This is the first time scientists have observed the formation of vessels so similar to the intricate structure of naturally occurring blood vessels.
An international research collaboration led by the University of Sydney has developed technology that enables the production of materials that reflect the structure of living blood vessels, with major implications for the future of surgery.
Preclinical research showed that after the engineered blood vessel was transplanted into mice, the body accepted it and new cells and tissues began to develop in the appropriate locations, transforming it into a “living blood vessel.”
While others have attempted to create blood vessels in the past with varying degrees of success, lead author Professor Anthony Weiss of the Charles Perkins Center noted that this is the first time scientists have observed vessels growing at such a high rate Similarity to developing complex structure of naturally occurring blood vessels.
“Nature, over time, converts this manufactured tube into one that looks, behaves and functions like a real blood vessel,” Professor Weiss said. “The technology’s ability to replicate the complex structure of biological tissues shows that it has the potential not only to create blood vessels to support surgery, but also to set the stage for the future manufacture of other synthetic tissues, such as heart valves.”
co-author dr. Christopher Breuer, of the Center for Regenerative Medicine at Nationwide Children’s Hospital and Wexner Medical Center in Columbus, USA, said he was excited about the potential of the research for children.
“If children are currently suffering from abnormal vessels, surgeons have no choice but to use synthetic vessels, which work well for a short time, but children will inevitably need surgery as they grow. This new technology provides the exciting foundation for engineered blood vessels, which will continue to grow and develop over time.”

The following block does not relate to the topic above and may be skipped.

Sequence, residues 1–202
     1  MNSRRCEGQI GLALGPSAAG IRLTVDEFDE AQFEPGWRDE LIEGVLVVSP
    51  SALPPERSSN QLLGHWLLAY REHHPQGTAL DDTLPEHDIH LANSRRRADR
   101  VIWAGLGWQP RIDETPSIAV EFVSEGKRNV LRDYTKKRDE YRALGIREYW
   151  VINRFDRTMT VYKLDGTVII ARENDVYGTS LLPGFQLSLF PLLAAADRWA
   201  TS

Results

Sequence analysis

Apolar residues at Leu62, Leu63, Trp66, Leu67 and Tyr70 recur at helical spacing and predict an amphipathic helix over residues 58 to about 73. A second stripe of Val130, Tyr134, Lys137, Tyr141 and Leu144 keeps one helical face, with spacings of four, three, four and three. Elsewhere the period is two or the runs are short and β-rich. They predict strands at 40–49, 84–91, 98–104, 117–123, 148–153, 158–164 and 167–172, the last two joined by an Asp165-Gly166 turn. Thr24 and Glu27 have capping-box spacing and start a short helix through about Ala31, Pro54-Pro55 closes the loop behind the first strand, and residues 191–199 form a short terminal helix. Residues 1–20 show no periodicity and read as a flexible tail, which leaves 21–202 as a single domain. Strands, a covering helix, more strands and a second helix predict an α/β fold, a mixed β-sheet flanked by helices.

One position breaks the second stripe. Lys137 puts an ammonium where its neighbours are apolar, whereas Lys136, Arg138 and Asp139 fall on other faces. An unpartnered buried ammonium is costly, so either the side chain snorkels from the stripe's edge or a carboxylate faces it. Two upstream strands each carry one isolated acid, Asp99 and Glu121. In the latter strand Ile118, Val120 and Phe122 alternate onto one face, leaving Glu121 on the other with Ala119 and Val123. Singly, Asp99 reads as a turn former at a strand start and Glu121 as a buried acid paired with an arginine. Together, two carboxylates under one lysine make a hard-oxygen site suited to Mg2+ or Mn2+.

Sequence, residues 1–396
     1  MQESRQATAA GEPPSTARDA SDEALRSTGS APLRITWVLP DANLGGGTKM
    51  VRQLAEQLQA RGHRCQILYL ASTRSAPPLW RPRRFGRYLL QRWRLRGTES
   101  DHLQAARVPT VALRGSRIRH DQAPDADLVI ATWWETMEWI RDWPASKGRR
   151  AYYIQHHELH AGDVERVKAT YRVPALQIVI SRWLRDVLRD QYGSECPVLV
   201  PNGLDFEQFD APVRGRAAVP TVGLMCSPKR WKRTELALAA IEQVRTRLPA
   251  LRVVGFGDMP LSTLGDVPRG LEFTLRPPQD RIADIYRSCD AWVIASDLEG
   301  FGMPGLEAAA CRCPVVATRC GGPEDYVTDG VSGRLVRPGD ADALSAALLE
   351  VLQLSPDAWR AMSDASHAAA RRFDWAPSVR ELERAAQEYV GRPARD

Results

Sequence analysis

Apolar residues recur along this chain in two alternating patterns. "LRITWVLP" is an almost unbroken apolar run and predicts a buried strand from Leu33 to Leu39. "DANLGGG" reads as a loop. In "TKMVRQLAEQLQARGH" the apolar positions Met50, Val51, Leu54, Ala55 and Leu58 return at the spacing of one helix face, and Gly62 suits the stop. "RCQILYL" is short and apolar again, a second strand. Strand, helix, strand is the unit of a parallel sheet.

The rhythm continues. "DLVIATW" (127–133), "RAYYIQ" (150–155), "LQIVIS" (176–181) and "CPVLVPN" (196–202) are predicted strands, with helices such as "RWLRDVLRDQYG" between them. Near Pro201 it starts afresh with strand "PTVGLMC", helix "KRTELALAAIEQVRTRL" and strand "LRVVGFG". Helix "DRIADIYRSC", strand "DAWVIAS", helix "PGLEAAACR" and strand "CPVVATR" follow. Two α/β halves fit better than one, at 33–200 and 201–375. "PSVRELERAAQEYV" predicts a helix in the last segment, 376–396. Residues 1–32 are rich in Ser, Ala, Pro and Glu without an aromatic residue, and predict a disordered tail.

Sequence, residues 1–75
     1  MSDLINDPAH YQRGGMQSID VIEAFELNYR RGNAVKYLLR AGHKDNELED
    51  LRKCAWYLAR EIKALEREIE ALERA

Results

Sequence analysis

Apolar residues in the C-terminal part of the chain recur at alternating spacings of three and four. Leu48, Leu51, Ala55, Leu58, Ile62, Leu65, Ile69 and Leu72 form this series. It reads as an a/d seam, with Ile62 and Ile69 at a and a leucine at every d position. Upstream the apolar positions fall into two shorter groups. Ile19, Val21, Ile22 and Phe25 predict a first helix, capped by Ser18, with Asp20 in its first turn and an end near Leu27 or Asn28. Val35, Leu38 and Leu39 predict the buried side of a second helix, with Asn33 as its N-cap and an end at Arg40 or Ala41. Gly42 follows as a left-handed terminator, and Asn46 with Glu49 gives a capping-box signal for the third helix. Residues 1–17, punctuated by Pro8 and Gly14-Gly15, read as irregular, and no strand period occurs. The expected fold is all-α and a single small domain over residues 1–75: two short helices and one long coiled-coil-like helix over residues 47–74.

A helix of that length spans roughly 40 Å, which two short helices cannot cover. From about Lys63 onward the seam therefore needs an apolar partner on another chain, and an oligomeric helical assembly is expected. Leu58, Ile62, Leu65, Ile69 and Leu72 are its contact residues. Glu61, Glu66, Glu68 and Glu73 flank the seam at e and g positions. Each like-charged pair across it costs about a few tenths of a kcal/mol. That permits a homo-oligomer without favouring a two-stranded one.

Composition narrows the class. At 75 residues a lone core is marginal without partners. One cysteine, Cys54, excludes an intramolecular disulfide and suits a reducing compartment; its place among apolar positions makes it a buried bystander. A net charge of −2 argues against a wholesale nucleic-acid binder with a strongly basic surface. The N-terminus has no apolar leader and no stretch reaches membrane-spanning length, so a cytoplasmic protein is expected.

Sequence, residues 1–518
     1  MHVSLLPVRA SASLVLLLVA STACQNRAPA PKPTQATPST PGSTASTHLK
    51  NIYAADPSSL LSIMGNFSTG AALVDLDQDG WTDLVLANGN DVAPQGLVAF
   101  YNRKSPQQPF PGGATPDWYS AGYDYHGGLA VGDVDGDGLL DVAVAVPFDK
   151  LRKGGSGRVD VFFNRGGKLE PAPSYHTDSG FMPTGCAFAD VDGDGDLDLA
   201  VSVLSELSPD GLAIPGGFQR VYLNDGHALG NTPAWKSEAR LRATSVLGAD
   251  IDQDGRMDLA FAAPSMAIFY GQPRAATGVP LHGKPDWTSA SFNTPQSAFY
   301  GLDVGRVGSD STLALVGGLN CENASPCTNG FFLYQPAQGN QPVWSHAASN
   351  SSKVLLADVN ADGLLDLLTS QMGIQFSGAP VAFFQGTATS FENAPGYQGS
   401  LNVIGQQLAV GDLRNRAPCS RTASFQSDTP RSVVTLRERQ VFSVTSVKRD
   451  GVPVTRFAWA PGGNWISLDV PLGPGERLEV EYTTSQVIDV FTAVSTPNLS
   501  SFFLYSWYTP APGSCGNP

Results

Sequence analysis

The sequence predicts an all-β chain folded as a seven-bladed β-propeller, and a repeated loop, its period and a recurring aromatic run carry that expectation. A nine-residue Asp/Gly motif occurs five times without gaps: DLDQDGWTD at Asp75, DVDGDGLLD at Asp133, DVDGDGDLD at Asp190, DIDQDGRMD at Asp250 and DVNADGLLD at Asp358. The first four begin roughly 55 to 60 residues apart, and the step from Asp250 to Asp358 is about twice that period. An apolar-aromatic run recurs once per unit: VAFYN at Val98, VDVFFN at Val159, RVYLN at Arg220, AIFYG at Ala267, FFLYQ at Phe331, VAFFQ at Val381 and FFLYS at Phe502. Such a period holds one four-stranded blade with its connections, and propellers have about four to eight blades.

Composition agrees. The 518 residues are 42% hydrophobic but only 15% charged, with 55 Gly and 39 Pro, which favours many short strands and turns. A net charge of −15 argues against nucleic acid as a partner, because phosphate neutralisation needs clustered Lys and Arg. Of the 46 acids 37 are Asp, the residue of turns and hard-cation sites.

The technology was developed by lead author and bioengineer Dr. Ziyu Wang from the Charles Perkins Center at the University of Sydney as part of his PhD. He built on previous research by Dr. Suzanne Mithieux, also affiliated with the Charles Perkins Centre.
Natural blood vessel walls are made up of concentric rings of elastin (a protein that gives blood vessels elasticity and ability to stretch), much like nesting dolls. As a result, the rings are elastic, allowing blood vessels to change size in response to blood flow.
This new technology means that, for the first time, these important concentric rings of elastin can develop naturally within the walls of implanted tubes.
Unlike current manufacturing processes for synthetic surgical materials, which can be lengthy, complex and expensive, this new manufacturing process is rapid and well-defined.
“These synthetic vessels are elegant because they are made from only two naturally occurring materials that are well tolerated by the body,” said Dr. wang
“Tropoelastin (the natural building block for elastin) is wrapped in an elastic envelope that gradually dissolves, promoting the formation of highly organized, naturally functioning mimicking blood vessels.”
The tube produced can also be safely stored in a sterile plastic bag until transplanted.
Reference: “Rapid Regeneration of a Neoartery with Elastic Lamellae” by Ziyu Wang, Suzanne M. Mithieux, Howard Vindin, Yiwei Wang, Miao Zhang, Linyang Liu, Jacob Zbinden, Kevin M. Blum, Tai Yi, Yuichi Matsuzaki, Farshad Oveissi, Reyda Akdemir, Karen M. Lockley, Lingyue Zhang, Ke Ma, Juan Guan, Anna Waterhouse, Nguyen TH Pham, Brian S. Hawkett, Toshiharu Shinoka, Christopher K. Breuer, and Anthony S. Weiss September 19, 2022, Advanced Materials.
Ethical approval was obtained from Sydney Local Health District, Australia and Nationwide Children’s Hospital, USA. Professor Anthony Weiss is the founding scientist of Elastagen Pty.Ltd., now sold to Allergan, Inc., an AbbVie company. The authors declare no other competing interests.
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